It’s 2017: Do You Know Where Your LGBT+ Board Candidates Are?

This piece was co-authored by Susan Angele, Senior Advisor, KPMG’s Board Leadership Center and Stephanie Sandberg, Managing Director, Out Leadership.

The corporate boardroom is one of the last areas in which LGBT+ individuals continue to have almost no representation or visibility. There are currently fewer than 10 openly LGBT+ directors on Fortune 500 companies—less than 0.03 percent.

Investors pay a price for this failure of vision, because placing LGBT+ people at the most senior levels of leadership can have big positive impacts on bottom lines. A 2016 Credit Suisse study demonstrated that investment returns are 10 percent higher at companies with policies inclusive of LGBT+ people.

This gap represents an opportunity for forward-thinking organizations, as many companies overlook extant potential in the LGBT+ community when selecting corporate directors.

KPMG is the founding sponsor of Quorum, Out Leadership’s initiative to identify and place LGBT+ executives on corporate boards. Last month, we hosted the Quorum Directors Summit, where we gathered more than 50 senior leaders to hear insights on the board search and placement process from experts in the field.

The KPMG Board Leadership Center’s 2016 study Building a Great Board found that directors see much room for improvement in their board composition processes; only 36 percent said they are “satisfied,” and 49 percent “somewhat satisfied” that their board has the right combination of skills, background, and experiences.

Diversity in leadership is widely accepted as a business imperative – McKinsey’s Diversity Matters report demonstrates that global firms in the top quartile of racial and ethnic diversity outperform their industry peers by 35 percent; those in the top quartile for gender receive a 15 percent bump.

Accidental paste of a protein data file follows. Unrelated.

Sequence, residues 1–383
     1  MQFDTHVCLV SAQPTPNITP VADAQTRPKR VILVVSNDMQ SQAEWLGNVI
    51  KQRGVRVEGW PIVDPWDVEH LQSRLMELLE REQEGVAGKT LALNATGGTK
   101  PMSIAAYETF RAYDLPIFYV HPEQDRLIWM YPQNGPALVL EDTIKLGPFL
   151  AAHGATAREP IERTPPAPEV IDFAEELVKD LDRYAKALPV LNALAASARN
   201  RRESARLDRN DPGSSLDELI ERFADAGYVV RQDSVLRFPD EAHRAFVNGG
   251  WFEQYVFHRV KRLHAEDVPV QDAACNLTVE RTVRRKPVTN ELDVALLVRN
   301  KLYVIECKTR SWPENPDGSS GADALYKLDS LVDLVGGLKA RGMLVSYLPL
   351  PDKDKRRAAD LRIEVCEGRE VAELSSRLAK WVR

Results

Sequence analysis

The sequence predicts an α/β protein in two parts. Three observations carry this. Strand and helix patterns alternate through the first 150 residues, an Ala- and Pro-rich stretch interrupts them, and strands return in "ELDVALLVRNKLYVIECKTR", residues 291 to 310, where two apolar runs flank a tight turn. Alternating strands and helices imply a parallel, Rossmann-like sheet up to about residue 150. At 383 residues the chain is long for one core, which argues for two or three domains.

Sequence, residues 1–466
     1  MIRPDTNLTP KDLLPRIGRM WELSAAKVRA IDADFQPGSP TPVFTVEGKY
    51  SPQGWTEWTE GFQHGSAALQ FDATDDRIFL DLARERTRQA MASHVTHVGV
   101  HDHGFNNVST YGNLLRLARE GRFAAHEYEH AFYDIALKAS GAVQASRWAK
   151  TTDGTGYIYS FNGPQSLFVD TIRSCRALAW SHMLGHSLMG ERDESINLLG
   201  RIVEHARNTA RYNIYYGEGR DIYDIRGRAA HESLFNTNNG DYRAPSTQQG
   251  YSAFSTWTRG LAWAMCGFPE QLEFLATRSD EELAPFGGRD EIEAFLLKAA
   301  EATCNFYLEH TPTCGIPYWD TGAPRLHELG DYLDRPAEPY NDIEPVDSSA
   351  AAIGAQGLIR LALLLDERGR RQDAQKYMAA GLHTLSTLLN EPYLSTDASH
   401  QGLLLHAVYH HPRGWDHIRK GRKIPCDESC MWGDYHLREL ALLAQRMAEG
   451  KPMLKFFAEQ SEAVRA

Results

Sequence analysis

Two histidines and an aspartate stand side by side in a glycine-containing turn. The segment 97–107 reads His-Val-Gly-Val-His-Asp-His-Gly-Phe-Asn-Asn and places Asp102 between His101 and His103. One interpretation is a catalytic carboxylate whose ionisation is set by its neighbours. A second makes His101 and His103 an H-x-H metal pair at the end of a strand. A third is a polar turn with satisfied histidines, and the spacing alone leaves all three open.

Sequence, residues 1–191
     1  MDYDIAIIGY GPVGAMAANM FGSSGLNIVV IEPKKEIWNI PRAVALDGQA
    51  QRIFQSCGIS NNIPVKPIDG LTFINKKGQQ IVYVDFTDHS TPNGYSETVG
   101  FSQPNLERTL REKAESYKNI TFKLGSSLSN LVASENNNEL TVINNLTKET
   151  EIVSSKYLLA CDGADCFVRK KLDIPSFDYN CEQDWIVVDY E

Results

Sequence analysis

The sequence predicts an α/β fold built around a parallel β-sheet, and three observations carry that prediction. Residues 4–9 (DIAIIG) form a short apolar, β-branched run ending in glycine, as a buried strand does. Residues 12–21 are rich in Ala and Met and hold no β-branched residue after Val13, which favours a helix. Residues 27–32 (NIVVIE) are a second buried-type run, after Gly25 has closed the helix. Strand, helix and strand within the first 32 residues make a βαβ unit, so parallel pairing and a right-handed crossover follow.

Further, it is well documented that board diversity enhances corporate performance and mitigates risk – and LGBT+ board diversity could potentially help companies maximize the significant buying power of the LGBT+ market.

Nevertheless, LGBT+ people are rarely considered in the conversation around board diversity. Just two companies in the Fortune 500 reference sexual orientation and gender identity in their board’s diversity statements.

Shifting the frame could have major impacts for boards seeking to differentiate themselves. Because LGBT+ people have spent their entire lives developing heightened sensitivity to social interactions, negotiating a range of environments and circumstances, LGBT+ executives can leverage unique people skills that help at the board level.

As Keith Wetmore, chair emeritus of Morrison Foerster and board member of North Highland, notes, successful LGBT+ people often develop “survival skills” that can make a difference in boardrooms. “We learn some skills about how to get along with all people. I bring that into many aspects of my professional life and it is an asset.”

The intersectional nature of the LGBT+ community also creates the opportunity for businesses to diversify their boards in more than one way at a time, embracing the need for greater gender and ethnic diversity in the boardroom while also including the LGBT+ perspective.

So, given the clear case for LGBT+ diversity in corporate governance: where is everyone? Why are LGBT+ people so severely underrepresented on boards?

We see a few key drivers:

  1. Lack of awareness. Few companies even include LGBT+ in their definition of diversity, and the fact that more than half of senior executives remain in the closet at major companies doesn’t help either.
  2. Pipeline homogeneity. More than 60 percent of successful board searches result from existing directors working their network; this process works to perpetuate the status quo at the board level.
  3. Board search firms don’t see LGBT+ diversity as a priority.

At last month’s Director’s Summit, panelists discussed key strategies LGBT+ executives should employ to break through:

  1. Ensure that you have the skills boards are looking for. “Every board search begins with: I want a lawyer who has overseen a tech P&L who can drive my strategy in China,” said Alexander Saint-Amand, CEO of GLG.
  2. Position yourself appropriately. Lead with the governance skills are looking for, not necessarily your technical expertise. Remember – boards are most often looking for audit committee members.
  3. Ask CEOs to lunch, and be helpful. Don’t talk about board service – “It’s important to be sensitive, because ultimately you’re trying to convince them that you should be their boss,” noted Wetmore.
  4. Target fast-growing businesses – a good metric is companies that have been invested in by leading VC firms.
  5. Beat the drum about the importance of LGBT+ leaders on corporate boards, and help build the pipeline. “It is a team sport,” said Sally Susman, Executive Vice President of Corporate Affairs, Pfizer, and board member, WPP. “And systems that allow us to be alert to opportunities are very important.”
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